The Smart One and the Pretty One

The Smart One and the Pretty One by Claire LaZebnik

So I read this book years ago when my friend gave it to me. I kind of forgot about it, but then it came back to the front of my mind when I read The Dashwood Sisters Tell All. 

I meant to do a review of of it then, but then was distracted by other things-you know life.

But lately I have been watching Austentatious, and the character of Marianne made me think of this book again, so I figured why not review it?

The Nickerson sisters have always been known as the “smart” one and the “pretty” one. Ava Nickerson is the older sister, the smart one. She does everything right, is an attorney, pays bills on time, cares little about what she wears or her hairdos.

Elinor Dashwood

Lauren is the pretty one-drop dead gorgeous and a fashionista. She always has a boyfriend, going with her emotions, etc.

She isn’t very financially secure-she in a lot of debt as her credit cards are all maxed out.

Lauren screws up at work as she was trying to seduce a rich guy, only to find out he’s married. She loses her job and is a loss at what to do, or how to achieve her dream of owning her own shop. The creditors are at the door, when she gets news that her mother has been diagnosed with cancer. She packs up all her stuff and heads home.

See ya!

Back in Los Angeles, at her parent’s home, Lauren was looking through a “junk” drawer, and she finds a contract her mother and her mother’s best friend made a long time ago. The contract was signed by the mothers, and their seven year old children, that if by 30 the two were single, than a marriage will be done between Russell Markowitz and Ava.

As Lauren grows tired of her big sister’s financial lectures, budgeting, taxes, etc-she hunts Russell down to set them up. Russell is charming, handsome, twice-divorced, and runs a clothing company.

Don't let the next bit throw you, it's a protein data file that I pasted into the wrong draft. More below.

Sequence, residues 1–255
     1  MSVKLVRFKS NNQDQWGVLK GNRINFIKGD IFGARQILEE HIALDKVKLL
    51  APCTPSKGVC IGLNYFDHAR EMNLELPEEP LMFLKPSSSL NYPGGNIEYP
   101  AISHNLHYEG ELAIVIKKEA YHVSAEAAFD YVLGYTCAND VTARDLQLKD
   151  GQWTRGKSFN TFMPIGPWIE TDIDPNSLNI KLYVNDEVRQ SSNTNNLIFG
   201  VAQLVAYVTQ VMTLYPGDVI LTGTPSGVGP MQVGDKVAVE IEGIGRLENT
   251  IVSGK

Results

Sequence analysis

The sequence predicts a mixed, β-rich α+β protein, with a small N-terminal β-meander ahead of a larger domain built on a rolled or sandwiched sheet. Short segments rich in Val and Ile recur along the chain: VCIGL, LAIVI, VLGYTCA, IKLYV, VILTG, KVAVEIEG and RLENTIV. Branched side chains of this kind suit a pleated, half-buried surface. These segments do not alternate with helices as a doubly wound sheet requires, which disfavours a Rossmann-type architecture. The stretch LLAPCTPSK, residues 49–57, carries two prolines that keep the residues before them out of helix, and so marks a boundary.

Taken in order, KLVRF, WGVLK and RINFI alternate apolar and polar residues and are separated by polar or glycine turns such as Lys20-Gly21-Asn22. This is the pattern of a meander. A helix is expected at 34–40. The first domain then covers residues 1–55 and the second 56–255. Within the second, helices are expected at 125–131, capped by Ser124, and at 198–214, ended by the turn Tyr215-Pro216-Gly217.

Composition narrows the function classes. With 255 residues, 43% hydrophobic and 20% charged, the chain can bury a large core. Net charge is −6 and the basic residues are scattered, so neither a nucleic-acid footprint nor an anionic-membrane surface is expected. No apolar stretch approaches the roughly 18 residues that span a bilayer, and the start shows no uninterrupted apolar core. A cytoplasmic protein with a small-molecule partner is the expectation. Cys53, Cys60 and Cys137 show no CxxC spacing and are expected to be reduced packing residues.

Not exactly marriage material…but that doesn’t stop Lauren. She’s sure that this is the best plan to loosen up her sister and get her perfect match.

So I didn’t like this book…

Ava is the responsible one who learns that she doesn’t just have to be “smart”, but can care about her appearance as well. She has been afraid to make a commitment to any guy, and finally starts opening her heart.

That wouldn’t be so bad, except the guy she picks is Russell, a jerk who cares about himself and the woman he can turn Ava into.

Yeah, he gives her a bunch of clothes and starts dictating her life and choices and how things will be worn.

And while Ava falls hard for him, there is no indication he really cares for her at all.

And for a book that is supposed to be about sisters, it seems more concentrated on the older sister’s storyline than equally showing them. Spontaneous, fly-by-the-seat-of-her-pants Lauren pretty much stays the same: focused on her clothes and appearance. She does try to help her mother out with chemo, but still is irresponsible, bad at managing her time, etc. She never really learns about not spending too much, or the value of saving; just has one remorseful purchase. It was as if nothing changed her.

Ugh, I just can’t stand how all these modern adaptions portray Sense and Sensibility. People always make the Marianne character so dumb! In Austen’s portrayal she isn’t an airhead but young!!!! young, impressionable, romantic girl. Not a dunce!

She’s like most teenage girls-young, naive, romantic, think they know it all. So please, please, stop making her so dumb.

For more on Sense and Sensibility, go to Austen Avengers Assemble!

For more Sense and Sensibility variations, go to Big Girls Don’t Cry: Austentatious (2015)

For more books based on Jane Austen, go to Pride, Prejudice, and Personal Statements

A Sense of Sense and Sensibility

So those of you who have been following me for a while are aware of a challenge I made a year ago. You see 2013 was the 200th anniversary of Pride & Prejudice being published.

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I was going to do this whole series of posts on the book, books based off of it, films, etc. You know, the whole nine yards. (Go here to read more about it). Unfortunately…